I went through the whole number, you know. The swing era, the boogie woogie era, the bebop era. Thelonious Monk is still one of my favorites. So a lot of these people had their effect on me.
Then I started listenin' a lot to classical composers. Piano works. Just to see what they were doin'. That sort of put me in a different groove to try to blend all that in.
I've been able to do pretty well. I don't work as many consecutive nights as I used to, but I'm still working over 100 nights a year, so that's good for me.
I do very few standards. Hardly any. Other people's tunes that I do are usually obscure tunes, for the most part, although I do a couple of Duke Ellington tunes that are well known.
As far as I'm concerned, the essentials of jazz are: melodic improvisation, melodic invention, swing, and instrumental personality.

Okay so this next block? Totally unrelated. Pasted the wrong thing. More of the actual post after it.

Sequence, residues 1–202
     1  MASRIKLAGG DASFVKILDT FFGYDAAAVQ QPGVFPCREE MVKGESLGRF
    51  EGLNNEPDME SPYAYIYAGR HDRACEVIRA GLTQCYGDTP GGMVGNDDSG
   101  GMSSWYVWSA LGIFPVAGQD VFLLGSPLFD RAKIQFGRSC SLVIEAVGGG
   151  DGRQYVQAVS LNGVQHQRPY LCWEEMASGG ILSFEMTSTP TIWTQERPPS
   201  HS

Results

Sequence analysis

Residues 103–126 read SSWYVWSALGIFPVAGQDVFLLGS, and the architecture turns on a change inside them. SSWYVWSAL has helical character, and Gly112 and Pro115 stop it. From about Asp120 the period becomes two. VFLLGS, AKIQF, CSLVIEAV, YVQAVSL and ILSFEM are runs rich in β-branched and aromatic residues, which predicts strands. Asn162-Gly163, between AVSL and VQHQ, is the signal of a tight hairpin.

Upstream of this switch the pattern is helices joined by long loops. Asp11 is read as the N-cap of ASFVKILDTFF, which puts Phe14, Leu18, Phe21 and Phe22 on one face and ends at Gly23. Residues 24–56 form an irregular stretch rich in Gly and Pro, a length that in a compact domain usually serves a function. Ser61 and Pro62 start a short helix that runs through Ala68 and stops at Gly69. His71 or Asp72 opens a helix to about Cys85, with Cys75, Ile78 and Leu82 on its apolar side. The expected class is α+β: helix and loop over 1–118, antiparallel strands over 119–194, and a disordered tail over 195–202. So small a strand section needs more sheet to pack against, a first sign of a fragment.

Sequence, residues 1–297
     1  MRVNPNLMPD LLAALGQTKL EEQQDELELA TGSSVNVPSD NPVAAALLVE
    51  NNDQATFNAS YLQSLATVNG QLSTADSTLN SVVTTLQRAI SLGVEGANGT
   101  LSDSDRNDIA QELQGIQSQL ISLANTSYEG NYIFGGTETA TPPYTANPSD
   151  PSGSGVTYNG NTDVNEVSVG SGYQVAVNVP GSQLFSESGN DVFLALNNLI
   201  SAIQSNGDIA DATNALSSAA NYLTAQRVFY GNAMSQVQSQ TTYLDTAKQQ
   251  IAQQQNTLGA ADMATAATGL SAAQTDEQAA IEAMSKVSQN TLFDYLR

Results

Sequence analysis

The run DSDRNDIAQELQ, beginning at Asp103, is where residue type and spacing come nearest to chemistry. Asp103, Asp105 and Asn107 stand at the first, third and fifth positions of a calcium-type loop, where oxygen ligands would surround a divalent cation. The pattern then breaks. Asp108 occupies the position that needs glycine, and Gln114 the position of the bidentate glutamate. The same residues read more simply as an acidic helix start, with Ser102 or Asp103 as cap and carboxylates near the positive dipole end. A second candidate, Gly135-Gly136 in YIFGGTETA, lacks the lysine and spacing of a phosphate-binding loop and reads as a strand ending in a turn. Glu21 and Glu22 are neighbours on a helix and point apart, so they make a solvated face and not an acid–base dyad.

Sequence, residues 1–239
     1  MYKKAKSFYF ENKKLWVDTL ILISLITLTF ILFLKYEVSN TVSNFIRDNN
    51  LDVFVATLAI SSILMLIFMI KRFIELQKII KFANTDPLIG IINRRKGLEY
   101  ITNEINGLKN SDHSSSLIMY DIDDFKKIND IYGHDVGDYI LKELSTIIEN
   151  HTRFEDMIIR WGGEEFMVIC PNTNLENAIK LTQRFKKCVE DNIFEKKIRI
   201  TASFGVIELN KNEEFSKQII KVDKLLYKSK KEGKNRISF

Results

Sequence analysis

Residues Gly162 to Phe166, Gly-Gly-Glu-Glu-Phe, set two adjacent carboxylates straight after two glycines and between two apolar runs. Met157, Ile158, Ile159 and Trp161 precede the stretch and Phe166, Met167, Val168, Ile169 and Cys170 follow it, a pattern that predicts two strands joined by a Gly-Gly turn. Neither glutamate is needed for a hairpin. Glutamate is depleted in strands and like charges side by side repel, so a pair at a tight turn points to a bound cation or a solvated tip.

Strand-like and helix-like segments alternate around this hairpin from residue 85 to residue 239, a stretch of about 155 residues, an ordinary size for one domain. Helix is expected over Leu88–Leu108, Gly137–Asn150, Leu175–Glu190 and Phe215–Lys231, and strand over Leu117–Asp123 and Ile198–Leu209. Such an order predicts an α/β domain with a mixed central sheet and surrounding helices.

It's as much fun as it ever was, you know, once I get there. Gettin' there is a little harder.
The jazz boom was goin' on then so there was a lot happenin' in New York at that time.
There's a lot of terrible things goin' on all the time, but you gotta try and have some fun in the end.
I just try to do as good job with the material as I can and play some jazz as well, some improvised music, and do that every night. Just see where it goes.
My main influences have always been the classic jazz players who sang, like Louis Armstrong and Nat King Cole and Jack Teagarden.
So I'm in my 51st year of playin' mostly nightclubs. I do some concerts.
The thing of playin' and singin' never bothered me.
I'm always storing away phrases and ideas and things that I think might turn into songs.